Rather than focus on producing good products, helping customers solve real
problems, or move toward what the market is asking for - Sun is acting a lot
like Microsoft/SCO and unleashing typical FUD. They've even followed the same
pattern of installing a Balmer-like/McBride-like type to lead the company.

[ Reply to This | # ]

Schwartz in his own words
Authored by: Tim Ransom on Friday, May 28 2004 @ 09:00 PM EDT
This is from last spring:

Open source versus open standards

This is from last fall:

Sun exec: Open-source is irrelevant

What he fails to mention is this: Open standards may arguably ensure compatibility, but they don't ensure real interopability because they don't ensure open source. Standards bodies are dominated by large corporations (like Sun), who are then able to stifle innovation. I can build apps for Windows, but I can't see their code, so I must work with standards - that's all I have to go on. Schwartz should be intimate with this, as Sun's newfangled interopability with MS products is as a direct result of access to the code, without which it would be impossible.

---
Thanks again,

[ Reply to This | # ]

Just for the record: excerpt from Sun's 10-Q filing (05/07/2004)
Authored by: m_si_M on Friday, May 28 2004 @ 09:00 PM EDT
On April 1, 2004, Sun and Microsoft entered into several agreements including an
agreement to settle all pending litigation between the two companies. Pursuant
to the settlement agreement, Sun agreed to dismiss its litigation against
Microsoft with prejudice and agreed to not initiate further steps to participate
in the proceedings pending against Microsoft instituted by the Commission of the
European Communities, and each party entered into a release of claims with
respect to such matters. Microsoft also agreed to pay to Sun the amount of $700
million under this settlement agreement.

Pursuant to a patent covenant and stand-still agreement, the parties agreed not
to sue each other for past damages for patent infringement with respect to the
other party’s products and technologies (the “Covenant Not to Sue for Damages”).
Each year until 2014, Microsoft has the option of extending the Covenant Not to
Sue for Damages to apply to the preceding year in exchange for an annual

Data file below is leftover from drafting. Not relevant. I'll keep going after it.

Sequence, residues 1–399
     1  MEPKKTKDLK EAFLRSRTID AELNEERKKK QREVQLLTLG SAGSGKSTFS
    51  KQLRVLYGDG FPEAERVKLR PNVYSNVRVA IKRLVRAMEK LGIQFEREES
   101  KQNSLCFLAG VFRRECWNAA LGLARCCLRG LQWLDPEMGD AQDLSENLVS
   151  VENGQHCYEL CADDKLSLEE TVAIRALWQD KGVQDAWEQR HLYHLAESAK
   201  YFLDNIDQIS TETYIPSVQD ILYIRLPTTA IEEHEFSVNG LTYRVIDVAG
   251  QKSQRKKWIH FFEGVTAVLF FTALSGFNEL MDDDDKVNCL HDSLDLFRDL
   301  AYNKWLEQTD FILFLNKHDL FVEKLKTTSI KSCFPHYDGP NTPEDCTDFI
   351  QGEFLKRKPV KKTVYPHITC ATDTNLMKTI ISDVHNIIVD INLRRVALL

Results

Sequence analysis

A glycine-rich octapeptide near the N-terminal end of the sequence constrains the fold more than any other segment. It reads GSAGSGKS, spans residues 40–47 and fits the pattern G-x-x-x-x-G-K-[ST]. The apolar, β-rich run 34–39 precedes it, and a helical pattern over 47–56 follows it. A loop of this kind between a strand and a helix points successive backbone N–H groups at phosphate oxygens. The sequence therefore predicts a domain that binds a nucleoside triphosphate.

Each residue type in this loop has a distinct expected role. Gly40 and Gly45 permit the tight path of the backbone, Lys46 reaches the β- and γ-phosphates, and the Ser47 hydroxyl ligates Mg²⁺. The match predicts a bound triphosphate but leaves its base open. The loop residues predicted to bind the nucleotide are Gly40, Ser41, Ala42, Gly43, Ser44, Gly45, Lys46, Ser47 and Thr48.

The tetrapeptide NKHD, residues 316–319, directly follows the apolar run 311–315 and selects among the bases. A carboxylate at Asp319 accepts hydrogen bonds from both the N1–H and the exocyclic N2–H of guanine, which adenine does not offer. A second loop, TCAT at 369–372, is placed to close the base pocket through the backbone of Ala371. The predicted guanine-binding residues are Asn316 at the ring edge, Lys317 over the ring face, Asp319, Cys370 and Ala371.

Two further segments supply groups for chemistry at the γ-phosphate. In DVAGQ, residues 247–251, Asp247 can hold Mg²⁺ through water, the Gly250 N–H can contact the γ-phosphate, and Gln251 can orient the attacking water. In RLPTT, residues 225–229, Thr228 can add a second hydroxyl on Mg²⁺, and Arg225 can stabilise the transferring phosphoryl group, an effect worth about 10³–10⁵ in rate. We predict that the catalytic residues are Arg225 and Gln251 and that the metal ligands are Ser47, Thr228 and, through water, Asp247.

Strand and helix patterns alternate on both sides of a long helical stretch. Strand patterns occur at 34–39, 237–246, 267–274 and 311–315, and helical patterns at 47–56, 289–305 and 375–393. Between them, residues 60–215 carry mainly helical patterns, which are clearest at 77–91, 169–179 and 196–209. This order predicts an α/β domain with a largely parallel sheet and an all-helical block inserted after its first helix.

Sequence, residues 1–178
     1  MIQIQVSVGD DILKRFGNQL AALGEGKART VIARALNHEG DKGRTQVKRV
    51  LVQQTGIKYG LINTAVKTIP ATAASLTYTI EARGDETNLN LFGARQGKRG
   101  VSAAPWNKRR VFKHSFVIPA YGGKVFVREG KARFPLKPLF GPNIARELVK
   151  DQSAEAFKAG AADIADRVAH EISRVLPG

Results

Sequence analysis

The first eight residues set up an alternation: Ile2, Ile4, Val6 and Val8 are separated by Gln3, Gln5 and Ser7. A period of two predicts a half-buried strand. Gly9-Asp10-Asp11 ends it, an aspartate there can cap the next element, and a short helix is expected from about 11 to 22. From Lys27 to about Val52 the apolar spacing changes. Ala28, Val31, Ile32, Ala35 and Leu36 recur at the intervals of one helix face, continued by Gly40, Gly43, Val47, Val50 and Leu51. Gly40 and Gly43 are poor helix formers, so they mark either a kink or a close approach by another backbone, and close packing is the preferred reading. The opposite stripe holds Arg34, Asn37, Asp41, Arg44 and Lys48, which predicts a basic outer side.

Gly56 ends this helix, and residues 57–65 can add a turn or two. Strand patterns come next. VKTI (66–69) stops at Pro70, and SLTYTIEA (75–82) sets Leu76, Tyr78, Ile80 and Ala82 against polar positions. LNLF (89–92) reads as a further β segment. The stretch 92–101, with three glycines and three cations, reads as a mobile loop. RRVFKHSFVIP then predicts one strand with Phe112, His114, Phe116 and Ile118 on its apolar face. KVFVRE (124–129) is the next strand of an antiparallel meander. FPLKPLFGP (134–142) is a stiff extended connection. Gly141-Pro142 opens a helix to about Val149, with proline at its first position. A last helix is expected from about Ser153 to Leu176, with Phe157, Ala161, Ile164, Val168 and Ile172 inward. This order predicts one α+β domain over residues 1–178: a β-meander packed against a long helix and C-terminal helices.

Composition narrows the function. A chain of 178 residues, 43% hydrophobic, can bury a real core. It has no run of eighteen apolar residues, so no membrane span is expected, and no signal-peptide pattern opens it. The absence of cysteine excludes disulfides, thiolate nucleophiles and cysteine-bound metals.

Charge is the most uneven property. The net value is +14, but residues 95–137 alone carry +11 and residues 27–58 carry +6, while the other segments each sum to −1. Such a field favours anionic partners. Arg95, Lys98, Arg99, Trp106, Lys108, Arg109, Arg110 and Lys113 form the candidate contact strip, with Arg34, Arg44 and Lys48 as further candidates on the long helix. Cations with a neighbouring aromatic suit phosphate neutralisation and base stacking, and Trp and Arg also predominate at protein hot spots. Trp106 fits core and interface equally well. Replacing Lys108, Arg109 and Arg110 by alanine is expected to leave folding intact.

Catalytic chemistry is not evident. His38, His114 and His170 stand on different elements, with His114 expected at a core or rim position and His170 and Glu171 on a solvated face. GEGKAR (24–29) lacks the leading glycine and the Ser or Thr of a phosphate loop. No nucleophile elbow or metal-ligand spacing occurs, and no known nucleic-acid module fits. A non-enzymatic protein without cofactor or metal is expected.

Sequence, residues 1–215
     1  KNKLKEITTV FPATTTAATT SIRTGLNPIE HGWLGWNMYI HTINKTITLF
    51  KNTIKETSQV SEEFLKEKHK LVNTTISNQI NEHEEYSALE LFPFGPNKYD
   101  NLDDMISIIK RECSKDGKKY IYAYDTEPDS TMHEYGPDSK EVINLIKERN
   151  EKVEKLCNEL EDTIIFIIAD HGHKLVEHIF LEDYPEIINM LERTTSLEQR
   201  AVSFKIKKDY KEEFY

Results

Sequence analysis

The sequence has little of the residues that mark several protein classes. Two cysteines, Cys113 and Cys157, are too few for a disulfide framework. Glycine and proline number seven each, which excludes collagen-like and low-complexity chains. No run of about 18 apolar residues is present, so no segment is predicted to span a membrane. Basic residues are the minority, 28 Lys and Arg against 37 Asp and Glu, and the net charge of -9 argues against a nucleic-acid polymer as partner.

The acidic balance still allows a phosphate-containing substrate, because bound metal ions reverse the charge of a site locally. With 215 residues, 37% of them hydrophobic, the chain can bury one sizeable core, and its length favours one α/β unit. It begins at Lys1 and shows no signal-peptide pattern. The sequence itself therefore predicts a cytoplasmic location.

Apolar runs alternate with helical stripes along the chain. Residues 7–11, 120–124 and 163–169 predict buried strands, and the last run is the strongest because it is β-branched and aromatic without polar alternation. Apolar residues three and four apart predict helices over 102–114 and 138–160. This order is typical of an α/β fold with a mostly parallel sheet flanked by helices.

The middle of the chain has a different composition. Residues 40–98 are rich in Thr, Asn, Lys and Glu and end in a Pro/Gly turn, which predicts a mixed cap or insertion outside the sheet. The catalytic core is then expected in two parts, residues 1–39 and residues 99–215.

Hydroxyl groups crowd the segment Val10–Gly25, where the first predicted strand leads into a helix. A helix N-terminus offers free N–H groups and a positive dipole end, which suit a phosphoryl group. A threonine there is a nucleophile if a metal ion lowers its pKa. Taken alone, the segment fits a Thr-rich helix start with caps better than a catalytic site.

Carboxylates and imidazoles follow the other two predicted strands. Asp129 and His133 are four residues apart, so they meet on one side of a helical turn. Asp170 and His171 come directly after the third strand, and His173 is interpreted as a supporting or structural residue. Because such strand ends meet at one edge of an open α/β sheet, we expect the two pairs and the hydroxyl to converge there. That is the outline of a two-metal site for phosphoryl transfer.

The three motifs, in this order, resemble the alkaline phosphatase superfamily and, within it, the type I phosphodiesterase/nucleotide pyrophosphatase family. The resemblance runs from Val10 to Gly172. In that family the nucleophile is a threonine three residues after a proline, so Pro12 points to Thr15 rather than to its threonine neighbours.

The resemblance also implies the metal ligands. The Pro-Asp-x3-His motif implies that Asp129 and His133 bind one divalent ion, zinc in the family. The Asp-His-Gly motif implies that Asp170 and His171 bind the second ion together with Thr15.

extension payment, so long as Microsoft has made all previous annual extension
payments and so long as Microsoft has not sued Sun or authorized licensees of
its commercial products for patent infringement prior to such time. At the end
of the ten-year term, if Microsoft has made all such payments and not brought
any such suits, then each party will automatically grant to the other party
irrevocable, non-exclusive, perpetual licenses under all of its patents and
patent applications existing at the end of such period in order to allow such
other party to continue to commercialize its products shipping at the end of
such period and any related successor products. In addition, the parties agreed,
for a period of six months, not to bring any patent infringement suit (including
a suit for injunctive relief) against the other party or authorized licensees of
its commercial products relating to such other party’s products. Microsoft also
agreed to pay to Sun the amount of $900 million under this patent covenant and
standstill agreement.

Pursuant to a technical collaboration agreement, each party agreed to provide
the other party with access to aspects of its desktop and server-based
technology for use in developing interoperable server products. Microsoft also
agreed to pay to Sun the amount of $350 million as a prepaid nonrefundable
royalty under this technical collaboration agreement.

We entered into settlement agreements with the United States Department of
Commerce, Bureau of Industry and Security, Office of Export Enforcement (BIS) on
December 15, 2003 addressing certain BIS charges that we had violated export
control regulations. The settlement includes a one year suspended denial of our
worldwide export privileges. In the event that we violate export control laws
during the one year suspension period, the BIS order denying us worldwide export
privileges could take effect.

---
C.S.

[ Reply to This | # ]